Boko Haram Terrorism and a Threat to Right to Education

Ayobami Samson Joshua


The government shall direct its policy towards giving to the citizens equal and adequate educational opportunities at all levels. Although, not classified as a fundamental right, this constitutional prescription remains at the forefront of the basic objectives of the Nigerian government; yet, despite this laudable objective, the Northern region of Nigeria has a consistent record of low enrolment rate of indigenous pupils in schools, thereby creating a noticeable disparity between the North and South of Nigeria in terms of education. It is against this background that this paper discusses the evolution, incidences and enabling circumstances of Boko Haram terrorism in Nigeria and its effects on education, particularly in the areas affected. The purpose of this paper is to discuss the long term consequences of the Boko Haram terrorism on the right to education, as guaranteed by the 1999 constitution, in the affected areas of Nigeria. The paper traces the origin and factors that aided the Boko Haram terrorism. It also considers the extent of the effectiveness of the response of the Nigerian government in tackling the problem. The findings prove that, although the response of the government has been active, yet it has not been effective in curtailing the terrorist activities. This has negatively impacted on education in the affected areas of the Northern Nigeria. The paper suggested measures to address the problem.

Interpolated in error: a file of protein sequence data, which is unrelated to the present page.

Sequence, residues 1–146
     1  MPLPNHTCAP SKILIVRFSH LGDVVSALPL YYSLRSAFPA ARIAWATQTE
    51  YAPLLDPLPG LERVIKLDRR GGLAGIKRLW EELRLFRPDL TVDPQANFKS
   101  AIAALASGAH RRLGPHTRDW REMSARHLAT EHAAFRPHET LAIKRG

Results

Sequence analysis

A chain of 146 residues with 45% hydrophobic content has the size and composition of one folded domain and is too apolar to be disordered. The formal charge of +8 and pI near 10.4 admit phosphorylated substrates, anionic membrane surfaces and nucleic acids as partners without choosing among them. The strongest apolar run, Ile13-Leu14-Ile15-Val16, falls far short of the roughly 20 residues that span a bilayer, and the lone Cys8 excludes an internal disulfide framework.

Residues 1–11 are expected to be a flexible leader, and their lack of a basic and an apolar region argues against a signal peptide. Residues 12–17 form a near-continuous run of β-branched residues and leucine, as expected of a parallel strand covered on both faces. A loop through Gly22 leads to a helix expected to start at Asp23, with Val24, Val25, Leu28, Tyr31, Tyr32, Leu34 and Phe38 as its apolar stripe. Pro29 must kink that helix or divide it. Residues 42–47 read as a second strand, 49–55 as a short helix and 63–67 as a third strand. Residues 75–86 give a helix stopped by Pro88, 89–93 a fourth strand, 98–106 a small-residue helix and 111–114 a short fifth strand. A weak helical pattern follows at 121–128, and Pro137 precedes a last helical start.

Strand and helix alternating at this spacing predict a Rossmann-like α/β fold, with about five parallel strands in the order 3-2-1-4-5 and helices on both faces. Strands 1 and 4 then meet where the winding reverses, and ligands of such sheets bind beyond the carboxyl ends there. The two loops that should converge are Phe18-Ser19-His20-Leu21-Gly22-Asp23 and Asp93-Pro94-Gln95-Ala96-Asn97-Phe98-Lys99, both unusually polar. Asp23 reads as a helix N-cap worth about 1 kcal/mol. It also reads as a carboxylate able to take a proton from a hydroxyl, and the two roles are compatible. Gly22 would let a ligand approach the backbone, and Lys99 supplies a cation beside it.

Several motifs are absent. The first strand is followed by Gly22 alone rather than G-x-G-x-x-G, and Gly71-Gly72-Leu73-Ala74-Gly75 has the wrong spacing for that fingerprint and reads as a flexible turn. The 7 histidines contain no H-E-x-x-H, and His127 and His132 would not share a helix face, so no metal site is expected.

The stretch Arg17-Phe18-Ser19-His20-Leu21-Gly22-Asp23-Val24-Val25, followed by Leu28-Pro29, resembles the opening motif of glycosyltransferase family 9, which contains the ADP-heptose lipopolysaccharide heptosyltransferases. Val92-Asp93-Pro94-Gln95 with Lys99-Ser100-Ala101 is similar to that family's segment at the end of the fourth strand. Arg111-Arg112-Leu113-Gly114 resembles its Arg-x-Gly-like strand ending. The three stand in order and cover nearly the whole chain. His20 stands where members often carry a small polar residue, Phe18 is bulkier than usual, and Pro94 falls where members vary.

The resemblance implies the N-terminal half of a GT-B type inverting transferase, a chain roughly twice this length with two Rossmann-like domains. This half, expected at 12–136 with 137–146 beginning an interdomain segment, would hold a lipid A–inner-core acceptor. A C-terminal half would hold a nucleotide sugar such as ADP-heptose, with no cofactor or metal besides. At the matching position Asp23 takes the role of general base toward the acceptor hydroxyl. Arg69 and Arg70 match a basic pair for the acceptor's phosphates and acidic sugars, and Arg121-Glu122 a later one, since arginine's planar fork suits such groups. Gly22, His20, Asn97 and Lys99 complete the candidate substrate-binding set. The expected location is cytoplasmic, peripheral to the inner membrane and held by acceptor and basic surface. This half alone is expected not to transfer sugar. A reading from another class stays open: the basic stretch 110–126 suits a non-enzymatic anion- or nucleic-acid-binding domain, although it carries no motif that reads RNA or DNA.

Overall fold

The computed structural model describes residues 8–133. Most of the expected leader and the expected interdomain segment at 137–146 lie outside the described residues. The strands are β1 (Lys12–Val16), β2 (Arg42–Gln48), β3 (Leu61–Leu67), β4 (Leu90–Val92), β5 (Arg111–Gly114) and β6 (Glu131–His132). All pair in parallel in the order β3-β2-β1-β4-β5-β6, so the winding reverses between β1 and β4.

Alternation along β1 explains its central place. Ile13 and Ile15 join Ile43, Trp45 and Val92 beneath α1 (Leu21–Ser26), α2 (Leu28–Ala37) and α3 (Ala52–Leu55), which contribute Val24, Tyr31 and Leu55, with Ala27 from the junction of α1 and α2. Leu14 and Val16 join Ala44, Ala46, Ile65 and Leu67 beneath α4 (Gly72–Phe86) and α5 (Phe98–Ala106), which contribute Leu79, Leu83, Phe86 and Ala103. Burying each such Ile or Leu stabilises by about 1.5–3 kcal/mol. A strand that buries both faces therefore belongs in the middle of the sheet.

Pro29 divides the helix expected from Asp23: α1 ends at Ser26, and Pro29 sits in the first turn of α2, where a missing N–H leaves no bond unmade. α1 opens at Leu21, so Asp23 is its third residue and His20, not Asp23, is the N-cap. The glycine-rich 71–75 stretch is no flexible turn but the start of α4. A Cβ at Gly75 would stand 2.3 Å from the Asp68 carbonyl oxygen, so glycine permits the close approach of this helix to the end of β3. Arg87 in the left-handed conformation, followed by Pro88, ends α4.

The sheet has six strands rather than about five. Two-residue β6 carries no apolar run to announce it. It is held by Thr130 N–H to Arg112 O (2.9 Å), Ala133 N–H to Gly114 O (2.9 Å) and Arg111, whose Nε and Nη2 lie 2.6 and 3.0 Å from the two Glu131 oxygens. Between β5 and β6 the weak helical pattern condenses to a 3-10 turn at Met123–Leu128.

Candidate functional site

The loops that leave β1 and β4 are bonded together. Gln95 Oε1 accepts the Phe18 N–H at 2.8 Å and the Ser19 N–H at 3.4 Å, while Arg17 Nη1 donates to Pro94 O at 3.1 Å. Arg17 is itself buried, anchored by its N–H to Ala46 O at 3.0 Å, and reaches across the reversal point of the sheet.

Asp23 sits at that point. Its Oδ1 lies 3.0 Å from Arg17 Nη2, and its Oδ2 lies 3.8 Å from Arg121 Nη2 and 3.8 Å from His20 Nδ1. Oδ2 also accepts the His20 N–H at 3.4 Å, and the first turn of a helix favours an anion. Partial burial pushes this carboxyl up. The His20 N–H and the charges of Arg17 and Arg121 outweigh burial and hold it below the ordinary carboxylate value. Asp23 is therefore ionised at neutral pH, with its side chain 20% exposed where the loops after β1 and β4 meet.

Boko Haram; Education; Islamist Fundamentalist; Right to Education; Terrorism

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Hasanuddin Law Review (ISSN Online: 2442-9899 | ISSN Print: 2442-9880) is licensed under a Creative Commons Attribution 4.0 International License. Preserved in LOCKSS, based at Stanford University Libraries, United Kingdom, through PKP Private LOCKSS Network program.
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